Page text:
starts to flow on Ottawa River cleanup
The Ottawa River remains one of Ohio’s most polluted streams,
yet signs are emerging that better times are ahead for the
- One of the
most serious efforts to dredge a nonhazardous stretch
of the river is afoot, a $2.5 million project that would
enhance recreational boating by widening and deepening
the riverbed from Summit Street to Maumee Bay’s mouth.
Long viewed as a pie-in-the-sky dream of Point Place
boaters, the idea has been kicked around since the late
1960s but has gained momentum in recent months. Michigan
is still a holdout.
- The ecological
benefits of removing a 1928 dam in Ottawa Hills and
another old one in West Toledo, near Camp Miakonda,
are being considered. Both are relatively small dams,
but officials are wondering how much the local fish
population could be helped by re-establishing the river’s
Officials acknowledge those are subtle signs of progress,
yet say they are encouraged by the paths in which discussions
are headed, given how much energy has been spent in
the past talking about how to curb the flow of contaminants.
Ed Hammett, chief of the Ohio Environmental Protection
Agency’s northwest district office in Bowling Green,
noted how the Maumee Remedial Action Plan’s fifth biennial
report about the Ottawa River was the only one over
10 years that did not devote space to the river’s legacy
of pollution attributed to hazardous chemicals leaking
out of waterfront dumps.
Millions of dollars have been spent by responsible parties
to address that problem.
Millions more are being spent by the city of Toledo
on sewer improvements designed to prevent raw sewage
from spilling into the river after heavy rains, in part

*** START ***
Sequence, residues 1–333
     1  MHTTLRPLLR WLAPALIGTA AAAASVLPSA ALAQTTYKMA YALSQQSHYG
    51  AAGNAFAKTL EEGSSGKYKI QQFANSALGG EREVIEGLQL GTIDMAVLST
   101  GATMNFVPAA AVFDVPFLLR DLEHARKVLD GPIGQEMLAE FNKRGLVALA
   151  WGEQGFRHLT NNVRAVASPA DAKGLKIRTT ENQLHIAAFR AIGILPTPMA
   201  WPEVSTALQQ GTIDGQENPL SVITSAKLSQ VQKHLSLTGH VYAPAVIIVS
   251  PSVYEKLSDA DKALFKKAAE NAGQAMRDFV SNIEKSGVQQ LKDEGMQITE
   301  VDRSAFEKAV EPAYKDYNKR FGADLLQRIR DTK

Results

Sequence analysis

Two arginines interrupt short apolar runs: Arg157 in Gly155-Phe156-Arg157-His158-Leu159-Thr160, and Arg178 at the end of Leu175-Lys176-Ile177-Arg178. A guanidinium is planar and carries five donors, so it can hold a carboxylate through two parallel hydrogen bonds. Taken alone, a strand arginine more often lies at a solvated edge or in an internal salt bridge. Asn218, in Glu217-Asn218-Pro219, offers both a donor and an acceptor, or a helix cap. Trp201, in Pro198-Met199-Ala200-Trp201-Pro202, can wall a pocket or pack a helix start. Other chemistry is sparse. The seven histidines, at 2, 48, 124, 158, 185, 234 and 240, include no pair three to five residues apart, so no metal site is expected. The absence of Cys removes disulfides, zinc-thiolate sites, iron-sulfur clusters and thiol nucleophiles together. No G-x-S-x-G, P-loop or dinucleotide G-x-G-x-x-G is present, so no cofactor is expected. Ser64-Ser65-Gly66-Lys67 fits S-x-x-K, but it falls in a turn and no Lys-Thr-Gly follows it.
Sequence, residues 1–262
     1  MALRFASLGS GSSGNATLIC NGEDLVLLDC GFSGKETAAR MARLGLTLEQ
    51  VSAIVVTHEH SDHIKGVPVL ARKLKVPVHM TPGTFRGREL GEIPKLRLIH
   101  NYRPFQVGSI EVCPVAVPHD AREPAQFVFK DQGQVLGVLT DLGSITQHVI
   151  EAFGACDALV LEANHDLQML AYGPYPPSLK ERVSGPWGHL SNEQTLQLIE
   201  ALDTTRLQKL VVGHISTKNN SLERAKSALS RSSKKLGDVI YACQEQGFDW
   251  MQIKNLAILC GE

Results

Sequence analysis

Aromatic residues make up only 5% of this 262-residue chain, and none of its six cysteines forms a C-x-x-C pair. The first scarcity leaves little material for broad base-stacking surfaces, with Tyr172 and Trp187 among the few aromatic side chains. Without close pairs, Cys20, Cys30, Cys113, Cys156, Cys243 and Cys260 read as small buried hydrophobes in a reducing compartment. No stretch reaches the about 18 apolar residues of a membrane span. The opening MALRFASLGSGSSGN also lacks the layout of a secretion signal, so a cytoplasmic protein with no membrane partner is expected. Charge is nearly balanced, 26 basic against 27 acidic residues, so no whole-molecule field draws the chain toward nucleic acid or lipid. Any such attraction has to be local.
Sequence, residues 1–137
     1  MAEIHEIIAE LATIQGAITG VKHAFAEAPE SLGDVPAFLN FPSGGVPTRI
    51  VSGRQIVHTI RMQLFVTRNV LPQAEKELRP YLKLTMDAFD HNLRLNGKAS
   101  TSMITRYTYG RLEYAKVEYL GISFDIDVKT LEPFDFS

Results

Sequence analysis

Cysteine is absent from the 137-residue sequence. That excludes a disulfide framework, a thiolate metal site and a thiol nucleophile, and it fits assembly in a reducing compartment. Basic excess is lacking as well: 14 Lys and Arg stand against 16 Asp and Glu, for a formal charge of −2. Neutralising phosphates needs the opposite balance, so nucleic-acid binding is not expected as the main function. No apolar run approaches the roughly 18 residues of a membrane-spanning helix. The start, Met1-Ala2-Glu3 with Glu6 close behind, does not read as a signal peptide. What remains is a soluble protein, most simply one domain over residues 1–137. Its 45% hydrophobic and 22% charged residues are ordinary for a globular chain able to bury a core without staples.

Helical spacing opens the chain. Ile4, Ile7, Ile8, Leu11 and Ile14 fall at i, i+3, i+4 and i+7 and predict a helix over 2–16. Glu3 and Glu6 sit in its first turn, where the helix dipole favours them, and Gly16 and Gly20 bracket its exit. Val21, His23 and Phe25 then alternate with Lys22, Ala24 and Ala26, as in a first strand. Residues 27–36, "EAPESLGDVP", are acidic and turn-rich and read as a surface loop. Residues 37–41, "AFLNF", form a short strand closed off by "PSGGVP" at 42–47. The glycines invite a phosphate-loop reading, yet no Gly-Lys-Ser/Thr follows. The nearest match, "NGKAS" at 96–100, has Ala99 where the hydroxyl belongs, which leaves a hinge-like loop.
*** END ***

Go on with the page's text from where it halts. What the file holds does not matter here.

so that the city can settle a federal EPA lawsuit.
"Now that these sources are dramatically reduced - I
wouldn’t say they’re gone - you can start moving on
to other things," said Cherie Blair, the Ohio EPA’s
Maumee RAP coordinator. The RAP is a coalition of private
and public interests working on restoration plans for
the Ottawa, the Maumee, and other Toledo-area waterways.
Officials conceded some improvements might not have
occurred if not for extenuating circumstances. One example:
A former eyesore along the river - an unlicensed junkyard
- that is being cleaned up and absorbed into a 112-acre
industrial park, largely because of the land’s proximity
to DaimlerChrysler’s Jeep plant, plus new laws that
encourage redevelopment of industrial sites.
Ms. Blair said the dredging issue started to move beyond
pie-in-the-sky status two years ago when preliminary
test results showed the area under consideration was
probably no more polluted than the Maumee River sediment
dredged almost annually to keep Toledo’s commercial
shipping channel open.
Ed Gustek, U.S. Army Corps of Engineers project manager
in Buffalo, said the final environmental assessment
is due by December.
The Ottawa may be dredged near Point Place by the fall
of 2004, provided adequate funding can be raised and
no further complications are encountered. Then it would
be a matter of determining if more needs to be done
in successive years.
The biggest holdup appears to be participation from
Michigan. U.S. Rep. Marcy Kaptur (D., Toledo) has secured
federal funds. Toledo has committed to the project.
A pitch was made last week to another potential co-sponsor,
the Ohio Department of Natural Resources.
Frank Nagy, a Monroe County planner, said he is aware
of the project but has not approached his county bosses.
He expects a lukewarm response, because the county -
which invested in the shaky stock market - anticipates
a $2.5 million deficit in its annual budget that starts
Michigan state officials have not been contacted yet
"Right now, it doesn’t look very good from the Michigan
side," Mr. Nagy said.
Even so, Maumee RAP is upbeat about the river’s future,
knowing that it has a long way to go before boaters
are endeared to it again and that the community, as
a result, embraces restoration efforts to a larger degree.
The Ohio Department of Health’s longstanding fish consumption
and body contact advisories remain intact for much of
the river, and neither is likely to be lifted any time
soon, officials said.